Intel launched 12 new mobile processors today, including its fastest ever mobile chip. It also unveiled the first 0.13micron version of its entry-level mobile Celeron chip.
The 10 biggest US PC vendors will start selling portables powered by the new processors as of Monday, Intel said.
Offerings are split between versions of Intel's high-end Mobile Pentium III and its value-priced Celeron chips.
The company also launched two new versions of its 830 chipset that feature integrated graphics controllers, Frank Spindler, vice president and general manager of Intel's Mobile Platforms Group, announced in a conference call with the press on Friday.
The new chips are aimed at the mini-notebook, subnotebook and tablet PC categories, Spindler said. "The Pentium III mobile is now going to give us a huge boost in performance capability in these types of systems."
In the 0.13micron Mobile Pentium III family, Intel upped the top speed from the 1.13GHz version launched in July to today’s slightly faster1.2GHz offering.
Two of the other new processors run at 800MHz, one with a 133MHz frontside bus and one with a 100MHz frontside bus. Intel also launched a 733MHz chip with a 133MHz frontside bus and a 750MHz chip with a 100MHz frontside bus.
Intel has two versions of some of its chips — though both versions have the same clock speed, the difference is the speed of the path between the processor and the system's memory. Traditionally, they have featured identical pricing. Although it offers lower performance, the 100MHz version of the bus allows the processor to run with slightly less expensive RAM.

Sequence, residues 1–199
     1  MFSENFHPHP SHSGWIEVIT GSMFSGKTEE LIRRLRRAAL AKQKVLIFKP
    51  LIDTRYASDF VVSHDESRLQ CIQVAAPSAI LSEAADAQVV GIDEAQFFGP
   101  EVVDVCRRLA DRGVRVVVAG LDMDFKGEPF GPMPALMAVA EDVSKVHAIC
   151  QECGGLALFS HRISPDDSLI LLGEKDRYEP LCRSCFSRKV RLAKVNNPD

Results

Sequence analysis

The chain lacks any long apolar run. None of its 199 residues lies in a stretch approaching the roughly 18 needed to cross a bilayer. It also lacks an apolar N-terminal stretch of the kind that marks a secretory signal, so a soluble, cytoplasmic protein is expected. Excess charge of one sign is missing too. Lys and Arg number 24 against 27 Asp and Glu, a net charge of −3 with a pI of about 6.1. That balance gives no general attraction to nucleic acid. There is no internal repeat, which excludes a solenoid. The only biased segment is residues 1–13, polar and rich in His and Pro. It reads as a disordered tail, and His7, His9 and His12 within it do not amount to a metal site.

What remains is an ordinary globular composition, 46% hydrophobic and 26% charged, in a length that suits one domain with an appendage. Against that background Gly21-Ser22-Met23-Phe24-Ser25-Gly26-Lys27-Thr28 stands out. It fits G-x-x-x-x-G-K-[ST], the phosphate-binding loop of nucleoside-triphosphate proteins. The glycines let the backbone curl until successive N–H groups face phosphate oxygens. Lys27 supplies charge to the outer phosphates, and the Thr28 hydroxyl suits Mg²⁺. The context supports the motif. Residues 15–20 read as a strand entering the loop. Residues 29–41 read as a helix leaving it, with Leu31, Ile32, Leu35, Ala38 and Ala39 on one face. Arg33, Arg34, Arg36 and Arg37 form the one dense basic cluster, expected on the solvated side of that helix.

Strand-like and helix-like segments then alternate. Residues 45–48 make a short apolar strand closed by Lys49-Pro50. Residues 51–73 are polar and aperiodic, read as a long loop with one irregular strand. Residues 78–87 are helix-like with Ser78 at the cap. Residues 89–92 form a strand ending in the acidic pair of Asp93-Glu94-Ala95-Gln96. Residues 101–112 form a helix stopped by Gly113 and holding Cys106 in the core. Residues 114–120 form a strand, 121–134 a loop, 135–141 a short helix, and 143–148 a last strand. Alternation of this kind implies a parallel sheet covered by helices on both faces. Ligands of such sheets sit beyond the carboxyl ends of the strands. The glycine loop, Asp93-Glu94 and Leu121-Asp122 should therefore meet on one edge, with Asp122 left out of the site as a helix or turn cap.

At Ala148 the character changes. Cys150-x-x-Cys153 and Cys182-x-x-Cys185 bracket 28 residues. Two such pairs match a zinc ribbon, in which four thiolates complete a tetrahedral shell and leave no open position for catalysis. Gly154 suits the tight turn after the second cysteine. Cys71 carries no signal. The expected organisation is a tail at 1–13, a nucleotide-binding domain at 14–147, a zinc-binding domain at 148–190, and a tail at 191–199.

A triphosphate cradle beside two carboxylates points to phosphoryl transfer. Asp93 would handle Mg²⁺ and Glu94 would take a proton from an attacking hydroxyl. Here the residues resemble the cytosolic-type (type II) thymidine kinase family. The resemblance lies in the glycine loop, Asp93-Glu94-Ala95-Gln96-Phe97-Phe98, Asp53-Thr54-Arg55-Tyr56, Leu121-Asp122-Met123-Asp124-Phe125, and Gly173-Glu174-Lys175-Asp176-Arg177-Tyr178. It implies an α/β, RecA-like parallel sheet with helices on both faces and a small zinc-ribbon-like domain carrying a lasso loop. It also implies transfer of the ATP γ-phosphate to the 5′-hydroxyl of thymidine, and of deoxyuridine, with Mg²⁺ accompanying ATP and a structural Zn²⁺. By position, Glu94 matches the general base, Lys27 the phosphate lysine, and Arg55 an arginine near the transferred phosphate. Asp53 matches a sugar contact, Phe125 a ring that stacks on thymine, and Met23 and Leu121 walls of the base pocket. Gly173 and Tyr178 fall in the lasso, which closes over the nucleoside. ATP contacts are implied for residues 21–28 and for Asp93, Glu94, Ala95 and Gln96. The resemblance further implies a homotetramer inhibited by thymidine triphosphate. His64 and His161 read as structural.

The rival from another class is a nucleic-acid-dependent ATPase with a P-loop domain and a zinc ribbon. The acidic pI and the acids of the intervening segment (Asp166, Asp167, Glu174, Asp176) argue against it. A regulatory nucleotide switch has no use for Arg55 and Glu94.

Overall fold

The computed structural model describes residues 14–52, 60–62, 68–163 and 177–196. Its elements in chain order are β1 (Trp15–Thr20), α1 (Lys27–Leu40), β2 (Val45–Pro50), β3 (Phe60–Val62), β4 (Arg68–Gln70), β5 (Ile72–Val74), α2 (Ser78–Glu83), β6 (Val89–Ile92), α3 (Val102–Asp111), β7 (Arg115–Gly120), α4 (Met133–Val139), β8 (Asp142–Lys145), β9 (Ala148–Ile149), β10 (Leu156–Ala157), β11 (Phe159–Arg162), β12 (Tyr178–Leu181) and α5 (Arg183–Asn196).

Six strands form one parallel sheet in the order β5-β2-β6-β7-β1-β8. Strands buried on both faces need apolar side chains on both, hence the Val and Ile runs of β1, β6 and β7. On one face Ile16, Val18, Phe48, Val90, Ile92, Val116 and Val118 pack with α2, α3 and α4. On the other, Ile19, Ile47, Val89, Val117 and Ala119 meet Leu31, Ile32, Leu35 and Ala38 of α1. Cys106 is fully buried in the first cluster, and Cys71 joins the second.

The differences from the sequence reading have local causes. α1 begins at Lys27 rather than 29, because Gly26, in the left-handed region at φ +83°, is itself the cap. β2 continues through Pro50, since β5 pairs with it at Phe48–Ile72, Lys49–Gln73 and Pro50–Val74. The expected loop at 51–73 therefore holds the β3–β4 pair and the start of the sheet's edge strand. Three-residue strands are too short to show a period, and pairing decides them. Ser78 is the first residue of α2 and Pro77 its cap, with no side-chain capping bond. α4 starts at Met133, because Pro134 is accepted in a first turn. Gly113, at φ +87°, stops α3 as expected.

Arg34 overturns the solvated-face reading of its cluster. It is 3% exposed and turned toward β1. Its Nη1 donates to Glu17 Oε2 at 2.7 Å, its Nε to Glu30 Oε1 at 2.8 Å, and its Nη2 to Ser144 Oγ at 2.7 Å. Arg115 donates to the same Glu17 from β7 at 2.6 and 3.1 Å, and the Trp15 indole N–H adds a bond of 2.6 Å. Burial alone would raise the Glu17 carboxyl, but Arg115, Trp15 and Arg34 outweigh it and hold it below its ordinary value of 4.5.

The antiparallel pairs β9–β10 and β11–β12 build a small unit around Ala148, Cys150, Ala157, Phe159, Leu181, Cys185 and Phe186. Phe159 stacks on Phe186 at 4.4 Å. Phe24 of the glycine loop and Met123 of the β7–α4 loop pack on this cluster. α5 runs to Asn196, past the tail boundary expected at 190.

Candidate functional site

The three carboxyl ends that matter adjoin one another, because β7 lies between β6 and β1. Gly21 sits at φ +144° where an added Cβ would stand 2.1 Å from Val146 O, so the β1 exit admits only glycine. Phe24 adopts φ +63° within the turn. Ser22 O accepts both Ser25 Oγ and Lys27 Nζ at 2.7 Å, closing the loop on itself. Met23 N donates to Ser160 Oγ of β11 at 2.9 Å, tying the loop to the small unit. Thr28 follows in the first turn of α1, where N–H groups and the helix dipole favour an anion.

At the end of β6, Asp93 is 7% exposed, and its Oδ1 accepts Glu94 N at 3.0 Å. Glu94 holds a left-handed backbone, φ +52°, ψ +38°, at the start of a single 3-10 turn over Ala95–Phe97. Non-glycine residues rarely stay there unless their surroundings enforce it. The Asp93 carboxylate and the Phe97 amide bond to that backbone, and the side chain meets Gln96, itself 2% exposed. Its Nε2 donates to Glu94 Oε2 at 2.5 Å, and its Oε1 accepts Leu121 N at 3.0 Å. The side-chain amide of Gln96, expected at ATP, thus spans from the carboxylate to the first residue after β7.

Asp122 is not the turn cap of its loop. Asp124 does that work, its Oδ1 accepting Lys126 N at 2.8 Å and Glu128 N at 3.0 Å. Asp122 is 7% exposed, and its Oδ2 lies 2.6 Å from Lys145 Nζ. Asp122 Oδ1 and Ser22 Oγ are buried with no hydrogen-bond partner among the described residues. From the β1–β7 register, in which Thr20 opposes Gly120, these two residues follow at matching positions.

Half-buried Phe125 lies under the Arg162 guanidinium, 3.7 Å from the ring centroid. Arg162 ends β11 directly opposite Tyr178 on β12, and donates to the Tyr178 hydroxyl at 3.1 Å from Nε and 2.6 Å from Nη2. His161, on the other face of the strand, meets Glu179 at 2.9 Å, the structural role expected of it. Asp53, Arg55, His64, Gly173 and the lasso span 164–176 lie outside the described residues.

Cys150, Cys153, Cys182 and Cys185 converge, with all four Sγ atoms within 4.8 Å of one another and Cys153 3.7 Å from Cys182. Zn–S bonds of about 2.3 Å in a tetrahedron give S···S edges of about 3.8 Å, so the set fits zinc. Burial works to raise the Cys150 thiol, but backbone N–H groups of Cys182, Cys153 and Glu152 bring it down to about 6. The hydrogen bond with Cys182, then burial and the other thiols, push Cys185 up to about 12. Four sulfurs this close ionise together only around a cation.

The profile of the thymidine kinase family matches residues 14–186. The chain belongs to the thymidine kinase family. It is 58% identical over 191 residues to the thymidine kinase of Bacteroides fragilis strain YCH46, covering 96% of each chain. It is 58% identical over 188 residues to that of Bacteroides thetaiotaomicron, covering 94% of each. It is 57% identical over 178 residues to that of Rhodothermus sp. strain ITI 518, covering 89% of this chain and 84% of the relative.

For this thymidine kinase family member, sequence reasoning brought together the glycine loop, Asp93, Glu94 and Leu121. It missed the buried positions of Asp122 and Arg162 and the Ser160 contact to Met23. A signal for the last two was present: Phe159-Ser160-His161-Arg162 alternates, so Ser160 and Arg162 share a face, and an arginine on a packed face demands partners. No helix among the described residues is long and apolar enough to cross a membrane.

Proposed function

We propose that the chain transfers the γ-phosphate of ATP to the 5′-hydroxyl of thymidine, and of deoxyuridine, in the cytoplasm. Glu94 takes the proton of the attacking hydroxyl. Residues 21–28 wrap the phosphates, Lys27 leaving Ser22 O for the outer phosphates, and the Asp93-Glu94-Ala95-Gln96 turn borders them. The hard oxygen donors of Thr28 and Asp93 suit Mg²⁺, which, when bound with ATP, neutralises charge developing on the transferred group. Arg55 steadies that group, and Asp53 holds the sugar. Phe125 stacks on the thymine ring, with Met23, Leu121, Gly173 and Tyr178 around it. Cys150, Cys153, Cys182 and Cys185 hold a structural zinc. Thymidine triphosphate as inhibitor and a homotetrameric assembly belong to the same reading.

In addition, Intel announced the ultra-low voltage 700MHz Mobile Pentium III which runs at less than 0.5 watts, the lowest power consumption of any mobile offering from the company.
As one analyst pointed out, the new processors show Intel’s increasing focus on lowering power consumption. Previously it has concentrated on performance. "It took a little bit longer for these to launch; they said they would be launching them sooner," said Kevin Krewell, an analyst with MicroDesign Resources in Sunnyvale, California.
The delay could have been caused by Intel's desire to release the new processors near the release date of Microsoft's Windows XP operating system, which will be released at the end of October, Krewell said.